I've found that trying to stream anything worthwild over a .11b link is just too iffy. I often stream video files from my server to whereever I am sitting with the laptop. With the netgear card reporting a full speed connect at ~60% signal strength and 100% quality it is kind-of jerky at times. I know I'm pushing the limits of what that little wireless connect can do.

Now I can deal with it for now because I'm not expecting it to perform perfectly. However, what is going to happen when Joe Consumer picks one of these up, hooks in the wireless part and tries to stream his DVD rip collection and it gets .3FPS?

Answer: You get one very unhappy Joe Consumer.

I believe that people will expect this thing to do more then it can, and I doubt that sonic will be up front and tell people about this limitation.

Makes me think of a car dealer trying to sell a car for use on interstate highways but the car can only go 45MPH. Sure it works, but it isn't quite what you expected now is it?

Re:802.11b too slow (0)

Anonymous Coward | more than 11 years ago | (#4924015)

I never had any problems with MPEG, AVI, DIVX. This is with remote desktop and file transfers going and 3 devices on the wireless network. Maybe you run your microwave too much?

Sonicblue jumps the gun again (3, Insightful)

asv108 (141455) | more than 11 years ago | (#4923889)

Sonicblue has a history of trying to add cool features to unrefined products. The title is misleading since 802.11b requires an additional purchase. Last month I decided to get a PVR. Sonicblue's replay tv 5000 had some real cool features, but the interface sucked. Interface is extremly important in consumer applications such as a cell phone or PVR. I ended up getting a tivo after i learned that you can use usb ethernet adaptors with the series 2. Anyway, my point is sonicblue has a history of sticking some cool features in a completely unrefined product.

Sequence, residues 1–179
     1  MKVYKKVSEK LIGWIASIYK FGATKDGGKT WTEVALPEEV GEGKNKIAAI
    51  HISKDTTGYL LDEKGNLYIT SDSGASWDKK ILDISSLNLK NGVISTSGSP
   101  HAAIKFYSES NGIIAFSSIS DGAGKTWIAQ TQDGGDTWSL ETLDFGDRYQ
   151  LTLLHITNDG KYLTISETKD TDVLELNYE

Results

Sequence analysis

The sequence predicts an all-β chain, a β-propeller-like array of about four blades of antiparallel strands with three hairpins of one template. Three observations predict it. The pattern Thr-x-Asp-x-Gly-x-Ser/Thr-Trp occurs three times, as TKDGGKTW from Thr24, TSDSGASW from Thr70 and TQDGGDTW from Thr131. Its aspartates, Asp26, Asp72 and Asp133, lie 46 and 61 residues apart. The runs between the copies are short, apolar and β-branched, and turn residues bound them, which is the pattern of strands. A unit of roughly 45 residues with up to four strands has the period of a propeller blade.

WAR viewing here I come (3, Insightful)

4/3PI*R^3 (102276) | more than 11 years ago | (#4923896)

Who wants to bet the SSID will be hard coded and it probably won't support WEP (and if it does support WEP the key will be hard coded) beceause most l^Husers won't be able to figure out how to make this work.

So all I need is a laptop with an 802.11b card and a couple of people in my neigborhood with HBO and an penchant for "The Sopranos"!!!!

Rendesvous? (1)

snitty (308387) | more than 11 years ago | (#4923901)

Hopefully this has ZeroConf or it could be added. Imagine having an 802.11 DVD player, seamlessly networked with your Panasonic Plasma TV.

It really seams like we are going to see a revolution in networked aplicances, finally, and it dosen't look like bluetooth is going to be the springboard.

So far, if I recall, Panasonic and at least 2 other companies have jumped onto the ZeroConf [] bandwagon. This includes some stero equipment along with TVs from Panasonic which support slide shows sent from the TV.

Are you excited?

This is in no way a PVR... (2)

xchino (591175) | more than 11 years ago | (#4923937)

If it was a dvd writer that would be different, but remember the "R" in PVR stands for Recorder, not player. I think this would be a great idea for a DVD-R, and I'd snatch it up! Unfotunately it's not, it's not even that useful as is. 11 Mb/s is awfully slow to be streaming video, but the ethernet could be an option. However, if you were going to go that route (ie running wires), it'd still be cheaper and more effective just to buy a Tuner card and send whatever to your TV via Composite or Svideo.